You can see the sparks flying from the welder. You can see the people milling about, lifting things and putting things down and pallets and things like that.
And you could imagine the same person walking into a room full of programmers. There's just a bunch of people sitting in front of desks. Maybe typing, maybe with their heads in their hand? Maybe on Hacker News or something like that? Do you think there's something inherent to the activity of programming that makes it difficult for certain kinds of management traditions to relate positively to?
Brian: That was in fact a key selling point of Agile - the frequent releases. In addition, the benefit to programmers is that we can't actually estimate worth a damn. For good reasons, I believe. But the fact is, we can't estimate worth a damn. And managers were in the situation of demanding estimates, because that was the only way they felt they had control.
What we promised was, "We will give you working software every month, every couple of weeks, that you can actually use and show. You get that. We promise you that if you decide halfway through the project that actually we've got all the features that you want, you can just stop then and ship what you have there and fire everyone else, and not finish the project" - which is very appealing to managers.
What we didn't promise is, "We no longer pretend to tell you exactly what kind of text editor you will have at the end of a year. But we do promise you that you will have the best text editor, the most fully-featured text editor, with the most important features that you can have with this team at the end of that year, we just can't tell you now what that will be. You get to do that, you get to know that, because we are going to let you tell us what the most important things are, and we will do those right away, rather than spending a year writing infrastructure before you can see anything." It's both a good way to develop things for most kinds of things, most kinds of software, and it was also a really powerful selling point.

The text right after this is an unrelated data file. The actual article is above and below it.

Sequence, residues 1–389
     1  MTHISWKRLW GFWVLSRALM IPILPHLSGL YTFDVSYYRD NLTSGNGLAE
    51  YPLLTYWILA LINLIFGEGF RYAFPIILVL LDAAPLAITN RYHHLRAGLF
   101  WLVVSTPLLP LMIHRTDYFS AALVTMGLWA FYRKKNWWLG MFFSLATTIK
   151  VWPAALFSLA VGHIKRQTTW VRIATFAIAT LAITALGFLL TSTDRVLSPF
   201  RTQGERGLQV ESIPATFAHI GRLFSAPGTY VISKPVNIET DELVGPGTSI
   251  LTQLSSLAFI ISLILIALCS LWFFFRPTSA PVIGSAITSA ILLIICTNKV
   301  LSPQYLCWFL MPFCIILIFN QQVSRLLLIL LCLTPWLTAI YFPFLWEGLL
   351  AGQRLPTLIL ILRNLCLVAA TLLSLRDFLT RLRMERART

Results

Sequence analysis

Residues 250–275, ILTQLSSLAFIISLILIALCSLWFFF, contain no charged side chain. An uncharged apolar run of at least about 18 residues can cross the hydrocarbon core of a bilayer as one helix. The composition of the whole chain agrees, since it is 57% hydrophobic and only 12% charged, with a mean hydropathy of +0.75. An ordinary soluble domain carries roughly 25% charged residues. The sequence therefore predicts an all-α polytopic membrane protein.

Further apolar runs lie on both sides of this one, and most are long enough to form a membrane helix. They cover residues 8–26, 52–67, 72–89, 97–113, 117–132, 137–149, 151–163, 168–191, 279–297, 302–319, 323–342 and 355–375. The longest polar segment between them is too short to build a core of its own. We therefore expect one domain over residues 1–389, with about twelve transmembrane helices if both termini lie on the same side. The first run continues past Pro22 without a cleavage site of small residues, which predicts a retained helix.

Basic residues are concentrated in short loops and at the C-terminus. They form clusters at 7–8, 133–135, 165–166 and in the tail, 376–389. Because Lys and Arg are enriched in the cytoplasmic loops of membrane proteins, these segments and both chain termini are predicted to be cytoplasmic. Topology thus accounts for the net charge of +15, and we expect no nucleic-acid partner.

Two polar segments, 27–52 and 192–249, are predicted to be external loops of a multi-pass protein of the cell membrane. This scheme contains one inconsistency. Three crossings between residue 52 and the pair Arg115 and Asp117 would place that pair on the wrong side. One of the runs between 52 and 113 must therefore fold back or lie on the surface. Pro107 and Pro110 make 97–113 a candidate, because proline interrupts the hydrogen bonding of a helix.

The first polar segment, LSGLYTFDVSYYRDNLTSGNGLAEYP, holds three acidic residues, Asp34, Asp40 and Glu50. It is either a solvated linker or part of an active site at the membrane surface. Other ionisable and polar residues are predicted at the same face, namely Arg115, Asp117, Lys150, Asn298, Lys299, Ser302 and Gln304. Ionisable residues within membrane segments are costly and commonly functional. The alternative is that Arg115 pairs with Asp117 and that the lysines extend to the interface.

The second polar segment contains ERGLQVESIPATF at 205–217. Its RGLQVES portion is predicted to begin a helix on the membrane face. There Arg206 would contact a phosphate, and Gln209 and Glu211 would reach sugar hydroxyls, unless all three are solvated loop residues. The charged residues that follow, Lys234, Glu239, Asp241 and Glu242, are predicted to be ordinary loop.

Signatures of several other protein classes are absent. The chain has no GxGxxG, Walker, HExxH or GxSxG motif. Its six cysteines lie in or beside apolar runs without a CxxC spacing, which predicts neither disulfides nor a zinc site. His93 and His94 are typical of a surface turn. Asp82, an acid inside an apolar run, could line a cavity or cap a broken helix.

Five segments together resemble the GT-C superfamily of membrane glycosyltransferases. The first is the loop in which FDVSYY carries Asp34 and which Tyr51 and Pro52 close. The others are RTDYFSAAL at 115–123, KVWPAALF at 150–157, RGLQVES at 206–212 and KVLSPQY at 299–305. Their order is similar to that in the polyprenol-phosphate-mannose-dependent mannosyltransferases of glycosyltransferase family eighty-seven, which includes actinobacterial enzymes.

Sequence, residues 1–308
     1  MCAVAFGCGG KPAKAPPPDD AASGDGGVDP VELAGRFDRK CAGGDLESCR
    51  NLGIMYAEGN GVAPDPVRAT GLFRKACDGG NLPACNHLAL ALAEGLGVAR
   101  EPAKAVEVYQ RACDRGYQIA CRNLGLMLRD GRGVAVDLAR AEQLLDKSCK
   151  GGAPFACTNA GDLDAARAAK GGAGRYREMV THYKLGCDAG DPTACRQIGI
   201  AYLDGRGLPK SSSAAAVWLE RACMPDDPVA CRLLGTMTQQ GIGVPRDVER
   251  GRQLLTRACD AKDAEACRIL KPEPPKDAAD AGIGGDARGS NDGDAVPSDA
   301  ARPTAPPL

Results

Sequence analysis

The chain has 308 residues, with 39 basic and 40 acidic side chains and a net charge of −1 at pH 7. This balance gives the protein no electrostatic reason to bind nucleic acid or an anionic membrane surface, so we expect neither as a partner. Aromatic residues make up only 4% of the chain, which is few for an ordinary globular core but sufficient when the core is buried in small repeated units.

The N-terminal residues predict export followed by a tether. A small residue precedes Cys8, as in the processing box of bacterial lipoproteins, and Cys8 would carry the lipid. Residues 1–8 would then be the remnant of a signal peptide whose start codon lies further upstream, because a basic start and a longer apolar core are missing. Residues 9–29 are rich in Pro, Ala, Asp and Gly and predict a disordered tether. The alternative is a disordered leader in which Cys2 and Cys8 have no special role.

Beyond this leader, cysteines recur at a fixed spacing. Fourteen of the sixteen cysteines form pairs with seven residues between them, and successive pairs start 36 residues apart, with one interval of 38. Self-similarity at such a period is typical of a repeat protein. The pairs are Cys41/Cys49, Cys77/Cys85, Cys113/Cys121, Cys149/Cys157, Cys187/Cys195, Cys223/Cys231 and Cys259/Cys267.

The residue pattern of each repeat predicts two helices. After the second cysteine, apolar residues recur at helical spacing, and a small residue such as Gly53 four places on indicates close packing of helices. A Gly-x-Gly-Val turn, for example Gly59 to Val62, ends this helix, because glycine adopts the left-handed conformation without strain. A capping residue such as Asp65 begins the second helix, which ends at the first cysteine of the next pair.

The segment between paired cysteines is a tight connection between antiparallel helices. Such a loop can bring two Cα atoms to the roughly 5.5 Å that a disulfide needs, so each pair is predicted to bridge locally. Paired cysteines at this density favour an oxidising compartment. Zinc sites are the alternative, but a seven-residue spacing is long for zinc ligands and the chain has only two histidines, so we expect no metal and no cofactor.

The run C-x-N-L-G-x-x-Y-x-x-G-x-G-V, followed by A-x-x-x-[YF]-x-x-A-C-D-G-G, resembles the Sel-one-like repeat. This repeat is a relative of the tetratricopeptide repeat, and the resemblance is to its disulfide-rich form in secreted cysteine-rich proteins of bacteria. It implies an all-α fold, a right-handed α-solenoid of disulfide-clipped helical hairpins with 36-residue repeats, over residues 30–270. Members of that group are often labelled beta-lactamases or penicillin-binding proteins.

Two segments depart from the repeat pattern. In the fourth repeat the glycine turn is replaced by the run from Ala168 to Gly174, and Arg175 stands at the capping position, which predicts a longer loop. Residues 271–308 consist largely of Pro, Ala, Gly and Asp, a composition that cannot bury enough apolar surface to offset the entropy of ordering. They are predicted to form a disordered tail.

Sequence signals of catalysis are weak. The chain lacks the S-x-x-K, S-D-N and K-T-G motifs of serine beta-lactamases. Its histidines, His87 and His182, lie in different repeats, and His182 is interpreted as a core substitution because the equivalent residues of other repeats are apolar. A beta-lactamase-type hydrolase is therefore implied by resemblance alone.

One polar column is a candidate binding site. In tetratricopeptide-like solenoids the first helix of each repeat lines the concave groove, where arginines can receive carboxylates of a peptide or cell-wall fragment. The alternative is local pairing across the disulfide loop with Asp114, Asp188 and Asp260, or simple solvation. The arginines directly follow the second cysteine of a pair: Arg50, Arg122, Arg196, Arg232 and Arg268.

Len: "What happened next?" is a question that a lot of people might want to know the answer to. So you have this meeting. You come up with the manifesto. And it eventually blew up, as they say, and became this huge thing and spawned entire kind of industries of literature and training. Can you maybe explain the moment when you realised this was going to turn into something quite popular?
Brian: There were two moments. One was, Ward Cunningham had the very clever idea of putting the manifesto up on a website, and allowing people to sign it. The sheer flood of people who signed it made it pretty clear that this was not just 15 or 17 people representing 15 or 17 teams that had this weird idea. It was speaking to both a frustration and a desire that lots of people had. So that was one thing.